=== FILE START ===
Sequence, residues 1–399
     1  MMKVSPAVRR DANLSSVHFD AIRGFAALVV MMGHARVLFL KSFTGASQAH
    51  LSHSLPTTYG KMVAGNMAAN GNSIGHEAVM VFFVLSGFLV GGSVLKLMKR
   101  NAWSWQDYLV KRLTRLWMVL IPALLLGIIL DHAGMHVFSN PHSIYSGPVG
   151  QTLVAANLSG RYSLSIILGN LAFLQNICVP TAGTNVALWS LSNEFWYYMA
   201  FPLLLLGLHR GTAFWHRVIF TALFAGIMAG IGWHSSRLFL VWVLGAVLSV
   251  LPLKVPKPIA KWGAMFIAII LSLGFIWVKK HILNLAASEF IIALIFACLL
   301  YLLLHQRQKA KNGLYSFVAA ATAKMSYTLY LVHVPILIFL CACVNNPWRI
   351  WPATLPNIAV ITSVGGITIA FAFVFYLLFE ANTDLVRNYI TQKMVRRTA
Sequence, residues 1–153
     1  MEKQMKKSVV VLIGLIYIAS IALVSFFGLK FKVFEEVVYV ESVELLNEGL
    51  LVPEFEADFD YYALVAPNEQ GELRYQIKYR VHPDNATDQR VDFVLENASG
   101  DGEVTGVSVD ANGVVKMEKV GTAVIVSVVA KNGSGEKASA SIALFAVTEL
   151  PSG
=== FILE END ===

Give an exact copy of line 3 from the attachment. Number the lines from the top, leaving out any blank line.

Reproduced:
    51  LSHSLPTTYG KMVAGNMAAN GNSIGHEAVM VFFVLSGFLV GGSVLKLMKR